Yet, under the veneer of high-level exchanges and diplomatic niceties, France has steadily moved forward with policies meant to more robustly defend national and European interests, ultimately putting the relationship with China on a more confrontational track. The economic realm is one critical point of departure, wherein France has moved squarely in support of bolstering the resilience and sovereignty of Europe through more aggressive trade policy and a broad-based economic security strategy. While it is a global approach that is not aimed only at Chinese interests, the policies France has supported, which include a strategy of “de-risking” relations with China, have heightened tensions with Beijing. It is a choice that Paris has assumed.

Indeed, France has long pressed for greater protections for European technological innovations, critical infrastructure and industrial sectors through the development of foreign investment screening, a 5G toolbox, public procurement rules, anti-subsidy instruments or an anti-coercion mechanism. As these instruments are now being put into practice, confronting Chinese economic policies has become the natural starting point. For instance, the European Commission has launched investigations into Chinese subsidies for electric vehicles, high speed rail or wind and solar sectors, which could result in the imposition of higher tariffs later this year. France has stayed the course in support of these investigations, despite heavy diplomatic pressure and being threatened by retaliatory measures by Beijing in sectors such as brandy and other spirits.

In parallel, France has also pressed for a transformation of European competition rules to unleash the investment power of European governments and has pushed for the development of a robust industrial policy to support European competitiveness in strategic technology sectors. Ultimately, for France, the digital and energy transitions must become a source of renewed economic competitiveness and prosperity rather than a source of strategic dependence and vulnerability, particularly on China. It is less a question of confronting China than one of bolstering European resilience and economic sovereignty. As Beijing’s distortionary industrial policies seem unlikely to change, geoeconomic competition is set to be a consistent source of friction as time goes on.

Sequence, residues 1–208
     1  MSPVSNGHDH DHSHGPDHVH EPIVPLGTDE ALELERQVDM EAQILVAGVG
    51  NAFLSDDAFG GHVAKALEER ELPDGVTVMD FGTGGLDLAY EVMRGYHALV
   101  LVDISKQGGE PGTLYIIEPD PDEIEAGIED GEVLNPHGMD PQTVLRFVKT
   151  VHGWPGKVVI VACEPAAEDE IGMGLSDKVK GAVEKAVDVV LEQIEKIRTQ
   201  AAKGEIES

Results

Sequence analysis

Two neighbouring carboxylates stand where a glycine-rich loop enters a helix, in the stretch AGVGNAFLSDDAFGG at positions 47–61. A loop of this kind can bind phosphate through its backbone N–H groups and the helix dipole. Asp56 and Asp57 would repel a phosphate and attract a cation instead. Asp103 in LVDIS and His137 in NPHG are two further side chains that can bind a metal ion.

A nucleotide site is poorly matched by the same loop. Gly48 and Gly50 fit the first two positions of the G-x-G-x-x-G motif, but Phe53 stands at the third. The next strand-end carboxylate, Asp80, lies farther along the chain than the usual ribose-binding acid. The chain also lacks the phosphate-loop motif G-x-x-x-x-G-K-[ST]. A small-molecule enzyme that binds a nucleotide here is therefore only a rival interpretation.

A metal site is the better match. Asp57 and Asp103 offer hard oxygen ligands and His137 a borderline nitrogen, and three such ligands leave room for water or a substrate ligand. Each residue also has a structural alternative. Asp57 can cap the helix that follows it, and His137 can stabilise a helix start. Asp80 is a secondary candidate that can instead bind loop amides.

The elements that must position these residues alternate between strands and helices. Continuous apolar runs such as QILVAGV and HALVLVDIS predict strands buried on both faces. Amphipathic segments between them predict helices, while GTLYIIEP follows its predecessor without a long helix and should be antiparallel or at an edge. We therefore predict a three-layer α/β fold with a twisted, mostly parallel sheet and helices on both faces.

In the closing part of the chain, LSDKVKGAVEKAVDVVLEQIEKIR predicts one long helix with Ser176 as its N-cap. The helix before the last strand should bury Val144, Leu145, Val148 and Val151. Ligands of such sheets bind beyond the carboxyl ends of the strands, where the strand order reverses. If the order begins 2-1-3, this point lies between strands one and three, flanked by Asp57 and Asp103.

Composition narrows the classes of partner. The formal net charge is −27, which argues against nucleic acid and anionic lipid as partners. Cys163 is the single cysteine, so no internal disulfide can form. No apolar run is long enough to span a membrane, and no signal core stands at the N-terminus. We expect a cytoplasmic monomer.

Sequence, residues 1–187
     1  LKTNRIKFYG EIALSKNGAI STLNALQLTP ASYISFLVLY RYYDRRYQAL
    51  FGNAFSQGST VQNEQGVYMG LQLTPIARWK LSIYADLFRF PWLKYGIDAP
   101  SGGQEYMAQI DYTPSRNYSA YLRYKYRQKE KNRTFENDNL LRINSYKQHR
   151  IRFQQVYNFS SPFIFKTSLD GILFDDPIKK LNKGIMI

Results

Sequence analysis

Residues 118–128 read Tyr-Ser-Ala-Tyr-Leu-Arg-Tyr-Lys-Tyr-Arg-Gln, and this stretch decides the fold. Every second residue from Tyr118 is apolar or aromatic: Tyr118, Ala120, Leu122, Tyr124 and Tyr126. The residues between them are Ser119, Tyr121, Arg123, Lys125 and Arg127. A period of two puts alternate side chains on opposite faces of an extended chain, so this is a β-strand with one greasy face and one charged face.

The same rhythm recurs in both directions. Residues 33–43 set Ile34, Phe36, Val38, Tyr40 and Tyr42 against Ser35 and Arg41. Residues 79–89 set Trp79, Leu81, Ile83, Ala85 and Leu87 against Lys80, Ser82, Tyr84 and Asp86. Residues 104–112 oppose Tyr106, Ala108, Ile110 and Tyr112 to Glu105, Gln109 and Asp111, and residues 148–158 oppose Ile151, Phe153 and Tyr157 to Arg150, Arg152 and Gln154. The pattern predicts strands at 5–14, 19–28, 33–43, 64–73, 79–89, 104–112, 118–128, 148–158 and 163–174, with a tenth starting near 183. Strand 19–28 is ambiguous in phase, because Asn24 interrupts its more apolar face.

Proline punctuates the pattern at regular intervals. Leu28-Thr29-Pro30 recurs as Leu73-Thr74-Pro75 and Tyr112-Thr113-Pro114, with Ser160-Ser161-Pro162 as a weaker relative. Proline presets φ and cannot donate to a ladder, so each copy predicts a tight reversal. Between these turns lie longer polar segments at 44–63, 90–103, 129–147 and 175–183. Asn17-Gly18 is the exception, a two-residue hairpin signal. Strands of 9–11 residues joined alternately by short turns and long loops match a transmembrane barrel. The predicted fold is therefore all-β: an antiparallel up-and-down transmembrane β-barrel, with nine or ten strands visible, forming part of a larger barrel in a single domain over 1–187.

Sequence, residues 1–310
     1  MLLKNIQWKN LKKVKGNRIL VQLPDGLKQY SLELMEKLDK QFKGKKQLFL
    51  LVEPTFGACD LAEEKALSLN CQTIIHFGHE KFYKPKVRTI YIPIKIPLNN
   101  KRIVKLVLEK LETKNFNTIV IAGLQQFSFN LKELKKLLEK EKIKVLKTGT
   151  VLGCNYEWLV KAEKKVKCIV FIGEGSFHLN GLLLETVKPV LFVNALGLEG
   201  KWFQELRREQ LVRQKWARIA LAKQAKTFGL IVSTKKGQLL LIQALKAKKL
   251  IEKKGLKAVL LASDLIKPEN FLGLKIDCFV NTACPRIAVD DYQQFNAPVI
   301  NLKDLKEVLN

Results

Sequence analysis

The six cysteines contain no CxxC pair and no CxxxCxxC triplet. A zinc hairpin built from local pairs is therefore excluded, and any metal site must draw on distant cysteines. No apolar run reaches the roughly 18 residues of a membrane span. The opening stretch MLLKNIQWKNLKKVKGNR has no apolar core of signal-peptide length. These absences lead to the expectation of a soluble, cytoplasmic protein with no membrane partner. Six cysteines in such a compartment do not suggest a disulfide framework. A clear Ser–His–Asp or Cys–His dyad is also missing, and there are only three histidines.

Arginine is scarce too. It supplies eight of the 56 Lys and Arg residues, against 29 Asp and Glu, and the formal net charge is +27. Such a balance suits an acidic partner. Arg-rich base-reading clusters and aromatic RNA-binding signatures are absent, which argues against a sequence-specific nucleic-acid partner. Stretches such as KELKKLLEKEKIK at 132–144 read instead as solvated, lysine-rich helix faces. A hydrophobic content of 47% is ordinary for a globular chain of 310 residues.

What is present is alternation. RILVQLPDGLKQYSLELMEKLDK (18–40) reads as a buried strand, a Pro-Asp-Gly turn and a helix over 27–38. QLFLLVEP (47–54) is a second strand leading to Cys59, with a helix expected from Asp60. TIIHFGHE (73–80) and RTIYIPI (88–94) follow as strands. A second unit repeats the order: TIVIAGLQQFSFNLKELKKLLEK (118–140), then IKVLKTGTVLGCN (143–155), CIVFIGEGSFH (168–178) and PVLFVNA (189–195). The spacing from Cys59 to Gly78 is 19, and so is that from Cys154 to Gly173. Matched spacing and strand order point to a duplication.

A growing strategic competition

China’s increasingly assertive global posture has also led France to press for a more strategic European presence globally, particularly in the Indo-Pacific. A resident nation of the Indo-Pacific, France was the first European country to adopt a regional strategy in 2018. Paris has been advocating for an open, inclusive Indo-Pacific based on respect for international law and multilateralism. Unlike the US, Paris has been careful not to adopt a confrontational approach towards China, but instead aims to maintain a robust dialogue and partnership with China while also checking Beijing’s influence in the region.